The war with the Hutch gang had effectively began when Gary Hutch, who was working for the Kinahan cartel was murdered in Spain in September 2015 as he was suspected of being an informant. The Regency Hotel shooting – which left enforcer David Byrne dead – was the retaliation. 

The cartel which had been styling itself as a business became embroiled in an all-out crime gang war fuelled by pride, hatred and a desire for retribution.

More murders. Over the next four months of 2016, Eddie Hutch Senior, Noel Duggan, Martin O’Rourke, Michael Barr and Gareth Hutch lost their lives. O’Rourke was killed on Sheriff Street in Dublin in a case of mistaken identity. 

90420701 Gareth Hutch's funeral cortege.

In the second half of the year, Daithí Douglas, Trevor O’Neill and Noel Kirwan were all killed.

O’Neill’s murder was another tragic case of mistaken identity. 

The pace of the killing slowed in 2017 but on 31 May, Michael Keogh was murdered on Dorset Street in Dublin. On 2 December, Noel Kirwan’s son Caine McCormack-Kirwan was also killed. 

Through 2018, four men were targeted as part of the feud: Derek Coakley-Hutch, Jason Molyneux, Clive Staunton and Eric Fowler 

There are multiple other murders suspected of being carried out as a result of the feud, including that of Sean Little and Iranian hitman Hamid Sanambar. 

As the body count increased, Kinahan cartel members are suspected of using encrypted phones to speak with suppliers in South America from his location in Dubai.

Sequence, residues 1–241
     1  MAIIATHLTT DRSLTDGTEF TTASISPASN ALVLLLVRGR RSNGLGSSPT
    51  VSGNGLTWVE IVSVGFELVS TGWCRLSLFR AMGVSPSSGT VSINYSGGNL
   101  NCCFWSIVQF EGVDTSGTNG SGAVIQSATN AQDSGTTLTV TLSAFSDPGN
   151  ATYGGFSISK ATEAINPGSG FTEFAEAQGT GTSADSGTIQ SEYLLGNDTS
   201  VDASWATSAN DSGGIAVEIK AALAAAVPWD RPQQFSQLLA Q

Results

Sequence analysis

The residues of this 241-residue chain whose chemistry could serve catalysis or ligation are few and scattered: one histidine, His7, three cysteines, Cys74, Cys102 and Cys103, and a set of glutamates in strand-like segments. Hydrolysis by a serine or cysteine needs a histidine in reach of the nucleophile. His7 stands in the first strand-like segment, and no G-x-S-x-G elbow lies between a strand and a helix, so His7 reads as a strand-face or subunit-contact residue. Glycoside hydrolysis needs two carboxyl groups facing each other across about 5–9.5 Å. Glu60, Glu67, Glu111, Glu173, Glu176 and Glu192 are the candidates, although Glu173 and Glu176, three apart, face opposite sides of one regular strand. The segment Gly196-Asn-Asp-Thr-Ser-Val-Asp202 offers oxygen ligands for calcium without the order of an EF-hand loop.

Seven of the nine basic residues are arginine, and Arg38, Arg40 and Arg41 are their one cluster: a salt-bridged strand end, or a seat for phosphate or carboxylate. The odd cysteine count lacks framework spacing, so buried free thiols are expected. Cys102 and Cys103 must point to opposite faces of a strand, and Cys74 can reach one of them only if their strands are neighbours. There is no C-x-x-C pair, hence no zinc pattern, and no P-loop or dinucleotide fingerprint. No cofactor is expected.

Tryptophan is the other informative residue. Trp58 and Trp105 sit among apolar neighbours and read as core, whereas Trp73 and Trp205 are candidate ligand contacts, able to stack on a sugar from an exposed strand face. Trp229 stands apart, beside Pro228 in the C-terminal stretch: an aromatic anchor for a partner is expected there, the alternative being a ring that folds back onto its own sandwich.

Boxing and Dubai

This week, The Irish Sun reported how Kinahan is currently negotiating to have one of the biggest proposed fights in boxing history staged in the ­Middle East.

Iconic boxing promoter Bob Arum told The Irish Sun that “everyone trusts Kinahan” and that he has “very good connections”.

In recent weeks, a number of MTK boxers have come out on social media to defend Kinahan. 

In one bizarre incident, a rap video was released on YouTube which appeared to blame the gardaí for “allowing” the Regency attack to happen. 

1 DUBLIN SHOOTING SCENE Gardaí at a murder scene in 2018. Leah Farrell Leah Farrell

The song, called Major Plans by artist J Spades, was released on YouTube last month. It was then shared by a number of MTK boxers in what appeared to be a concerted effort at a campaign to repair the reputation of one of the most wanted men in Ireland.

As Kinahan himself resides in his house on the outskirts of Dubai, patrolled by armed private security guards, his associates are beginning to get caught, tried and imprisoned. 

Recently, international police arrested drug leaders who had also been hiding out in Dubai. 

In December last year, Dutch police flew the country’s most wanted criminal out of Dubai two days after his arrest on murder and drug trafficking charges.

Ridouan Taghi, 41, who was wanted on international arrest warrants for murder and drug trafficking, was held at a house in the Gulf emirate.

Taghi hit the headlines in September when a Dutch lawyer for a state witness in a case against him was shot dead near his home in Amsterdam.

Taghi has long been considered part of a larger Europe-wide cartel, with links to the Kinahans.

This so-called super cartel consists of Italian mob boss Raffaele Imperiale and Bosnian trafficker Edin Gacanin. The pair also reside in Dubai. has attempted to speak with the Dubai police about Daniel Kinahan. On each occasion, the force told us it had no comment to make on the man who is wanted for questioning in at least three European states, whose cartel is linked to more than 20 murders and who is suspected by authorities to be heavily involved in the European drug trade.

For now, he is free to create a new life, and a new career.